I originally wrote this tutorial when i first started using linux, at the my debuts I suffered and so I decided to help myself and others by writing a little howto for the first (or almost first) steps with GNU/Linux. I started by writing some notes about how to get around the filesystem, copy files, to know how much space is occupied by what folder etc etc... There might even be a little option that an experienced user might not know... :p
commands used :
- ls : list
- pwd : tell me where i am (print working directory)
- cd : change directory
- cp : copy
- mv : move
- rm : delete
- df : show disk space usage (disk free)
- du : disk usage
ls - list
ls is for listing files. by default this will list the files in the directory where you are, for example :
You can also specify the directory for which you want to list it's contents, for that all you need to do is specify the path to that directory after the command ls, some call it an "argument", i wont argue with that and hence do the same.. : ] example :
[user@machine]$ ls /home/user
This command will list the contents of the folder /home/user no matter where it's executed, the same logic can be applied to most of the commands used in this tutorial.
Another feature are options, they are often letters prefixed by a minus sign, for the command ls among all the available options I'll just show a few that I believe are most useful for beginners, to grasp the idea best is to try
- -l : show details; permissions, size, etc...
- -a : show all files (all = even the "hidden files"
- -h : human readable; when this is used with "-l" the file size becomes, as said, readable by humans (Ko,Mo,Go)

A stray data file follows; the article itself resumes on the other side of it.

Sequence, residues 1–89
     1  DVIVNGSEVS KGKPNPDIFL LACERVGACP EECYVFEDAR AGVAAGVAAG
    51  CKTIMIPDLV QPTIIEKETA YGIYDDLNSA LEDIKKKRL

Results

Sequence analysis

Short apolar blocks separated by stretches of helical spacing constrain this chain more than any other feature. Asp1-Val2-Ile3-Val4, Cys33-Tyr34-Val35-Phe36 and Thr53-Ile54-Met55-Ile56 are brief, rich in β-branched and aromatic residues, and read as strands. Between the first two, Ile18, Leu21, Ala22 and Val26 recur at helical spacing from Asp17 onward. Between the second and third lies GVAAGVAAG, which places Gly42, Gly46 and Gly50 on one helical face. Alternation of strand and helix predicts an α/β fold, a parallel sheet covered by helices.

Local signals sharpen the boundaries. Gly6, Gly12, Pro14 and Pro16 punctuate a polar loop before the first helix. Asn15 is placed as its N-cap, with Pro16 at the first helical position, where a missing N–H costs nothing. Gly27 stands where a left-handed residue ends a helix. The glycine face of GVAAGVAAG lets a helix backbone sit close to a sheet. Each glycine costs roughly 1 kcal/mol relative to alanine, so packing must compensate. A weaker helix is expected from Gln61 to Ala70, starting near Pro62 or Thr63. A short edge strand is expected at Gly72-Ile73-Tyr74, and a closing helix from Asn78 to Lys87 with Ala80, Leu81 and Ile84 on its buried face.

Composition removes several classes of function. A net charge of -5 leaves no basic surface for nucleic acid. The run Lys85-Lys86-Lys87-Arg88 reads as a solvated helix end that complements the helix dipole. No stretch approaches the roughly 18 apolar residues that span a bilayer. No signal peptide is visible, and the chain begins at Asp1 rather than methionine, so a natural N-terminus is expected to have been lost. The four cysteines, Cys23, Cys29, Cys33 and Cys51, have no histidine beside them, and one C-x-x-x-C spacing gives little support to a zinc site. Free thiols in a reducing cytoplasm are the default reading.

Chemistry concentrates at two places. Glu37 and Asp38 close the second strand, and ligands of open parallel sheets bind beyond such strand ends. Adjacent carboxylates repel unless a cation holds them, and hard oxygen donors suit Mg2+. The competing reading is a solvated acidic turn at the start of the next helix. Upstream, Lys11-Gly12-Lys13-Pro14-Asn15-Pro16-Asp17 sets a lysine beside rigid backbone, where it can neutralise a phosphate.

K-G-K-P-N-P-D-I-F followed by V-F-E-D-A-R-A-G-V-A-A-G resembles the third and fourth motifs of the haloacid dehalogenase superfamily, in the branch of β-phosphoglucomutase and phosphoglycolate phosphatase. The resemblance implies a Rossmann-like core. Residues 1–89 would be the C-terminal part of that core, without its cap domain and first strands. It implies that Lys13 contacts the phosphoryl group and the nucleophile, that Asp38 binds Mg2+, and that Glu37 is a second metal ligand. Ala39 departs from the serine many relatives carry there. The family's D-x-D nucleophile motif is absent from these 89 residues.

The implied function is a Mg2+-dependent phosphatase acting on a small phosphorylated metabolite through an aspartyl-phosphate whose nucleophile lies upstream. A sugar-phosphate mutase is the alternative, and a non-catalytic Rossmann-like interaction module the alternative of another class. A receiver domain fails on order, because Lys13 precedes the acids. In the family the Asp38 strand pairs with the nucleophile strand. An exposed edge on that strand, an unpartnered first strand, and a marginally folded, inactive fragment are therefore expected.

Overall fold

- -S : sort by size
of course these options can be combined for example ls -lha will list all files and their sizes in a human readable format.
pwd - print working directory
i haven't explained how to move around the file system, but first it's good to know where you are right ? the command pwd shows where you are with the absolute path, meaning it starts from the "slash" "/" which represents the absolute top of the file system and all the way down to the directory where you are. example ? mkay.
cd - change directory
now we can think about moving about, for example there is a directory images in /home/user, to go there you can execute :
[user@machine]$ cd /home/user/images
this will take you to the directory images no matter where you are when you execute it, this is because it is the absolute path. you can also use relative paths, meaning the starting point is the directory where you are. if you are in the directory /home/user you can simply type cd images to go to /home/user/images.
maybe you have noticed, when you execute ls -a there is a "." and a "..". the . represents the current directory and the .. represents (yo yo) the parent directory.. hence, to go up you can type cd .. (2 dots) and cd . (1 dot) .. . well that just leaves you in the current directory, i'll admit in this case it is not so useful, but later on in life it will be.. .